In some of these schools there was talk of changing the curriculum to more closely approximate the test format. Some teachers developed workshops to reteach the skills on which the children scored poorly. Others maintained that the tests were irrelevant and should be ignored. Meanwhile, administrators were fielding questions from concerned parents and central office officials. Principals felt pressured, teachers felt frustrated, children were upset, and many parents were simply confused.
What was surprising about the results at Jane Doe was that (1) students were predominantly white and middle class and (2) the school's test scores did not reflect the quality and quantity of the learning going on there. The teachers at Jane Doe had developed a coherent, educationally sound curriculum based on learning as a developmental process. The students, parents, and teachers were involved in well planned, authentic learning experiences.
Significantly, no one asked whether these students understood tests as a particular kind of thinking, problem solving, and literacy. The underlying assumption was that whatever the tests were measuring, kids in some schools just didn't have enough of it. But the question that we found most compelling was this: Did these children and children at the other low scoring schools understand how to demonstrate what they knew under timed, multiple choice conditions?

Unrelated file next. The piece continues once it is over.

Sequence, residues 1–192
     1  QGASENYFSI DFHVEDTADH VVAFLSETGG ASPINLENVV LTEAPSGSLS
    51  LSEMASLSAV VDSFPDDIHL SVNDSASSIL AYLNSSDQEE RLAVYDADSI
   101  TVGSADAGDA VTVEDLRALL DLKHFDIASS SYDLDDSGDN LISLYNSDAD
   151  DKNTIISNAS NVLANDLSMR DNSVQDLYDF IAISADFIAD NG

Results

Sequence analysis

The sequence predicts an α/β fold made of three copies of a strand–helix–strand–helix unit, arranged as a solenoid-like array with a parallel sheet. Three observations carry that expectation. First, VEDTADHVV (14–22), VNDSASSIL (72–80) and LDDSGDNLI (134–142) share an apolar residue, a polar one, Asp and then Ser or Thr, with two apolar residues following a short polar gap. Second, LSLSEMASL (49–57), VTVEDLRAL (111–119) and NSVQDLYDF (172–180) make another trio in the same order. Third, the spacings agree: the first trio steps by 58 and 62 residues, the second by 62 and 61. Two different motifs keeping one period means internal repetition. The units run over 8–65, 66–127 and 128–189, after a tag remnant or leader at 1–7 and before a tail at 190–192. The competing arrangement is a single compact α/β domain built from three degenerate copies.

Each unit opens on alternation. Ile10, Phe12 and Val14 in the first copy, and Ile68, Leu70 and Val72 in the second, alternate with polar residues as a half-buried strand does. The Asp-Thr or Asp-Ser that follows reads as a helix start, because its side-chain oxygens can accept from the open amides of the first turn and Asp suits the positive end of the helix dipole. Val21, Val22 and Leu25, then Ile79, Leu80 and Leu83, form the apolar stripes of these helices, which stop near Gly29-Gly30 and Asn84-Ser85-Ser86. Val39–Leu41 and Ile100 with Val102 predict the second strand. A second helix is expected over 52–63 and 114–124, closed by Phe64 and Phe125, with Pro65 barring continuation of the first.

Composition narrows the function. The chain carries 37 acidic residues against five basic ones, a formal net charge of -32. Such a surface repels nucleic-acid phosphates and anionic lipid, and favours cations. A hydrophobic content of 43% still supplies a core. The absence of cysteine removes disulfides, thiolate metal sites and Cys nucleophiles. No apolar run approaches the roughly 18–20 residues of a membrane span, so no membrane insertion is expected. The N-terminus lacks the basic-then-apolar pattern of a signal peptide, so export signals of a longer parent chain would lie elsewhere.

Putting Performance in Context

Following conversations with teachers at Jane Doe, we began to explore whether they could enrich their curriculums by using standardized test formats to get students to use new problem solving strategies and approaches to learning. We also began to consider how teaching for authentic student performance might be related to equity issues and test taking.
We ended up collaborating with teachers at the Jane Doe School. As we worked with them, we learned about the school's educational environment and the students' test taking knowledge and problem solving skills. We also came to understand the children's emotional needs and the teachers' needs, concerns, and insights.
Based on this information, we designed a series of workshops to help teachers and students explore what various types of test questions really ask of the test taker. We also developed workshop materials for the students and extensive scripts for the teachers to use in coaching the students. Unlike other test preparation programs, ours required engaging students in improving their problem solving skills by examining correct answers.
During one workshop, for example, a child had been attempting to answer the question, "The freight train carried apples and oranges in its ______." The answer was boxcar. The child asked plaintively, "How did you know the answer was boxcar?" A classmate then related how he associated information from the Boxcar children's book with this question. That response helped other children explain that answering a question with information from outside the school is a legitimate strategy.
Situations like this were repeated many times as students helped one another discover new problem solving strategies. The problems students brought up helped to clarify why they chose certain answers reasons that often were very different from what teachers assumed. For example, one question listed four months November, September, April, and December and asked students to select the one month that didn't fit in this group. One child chose December, the correct response. But when asked to explain her choice, she did not give the "right" reason December alone has 31 days. Instead, she said that December is when Christmas comes.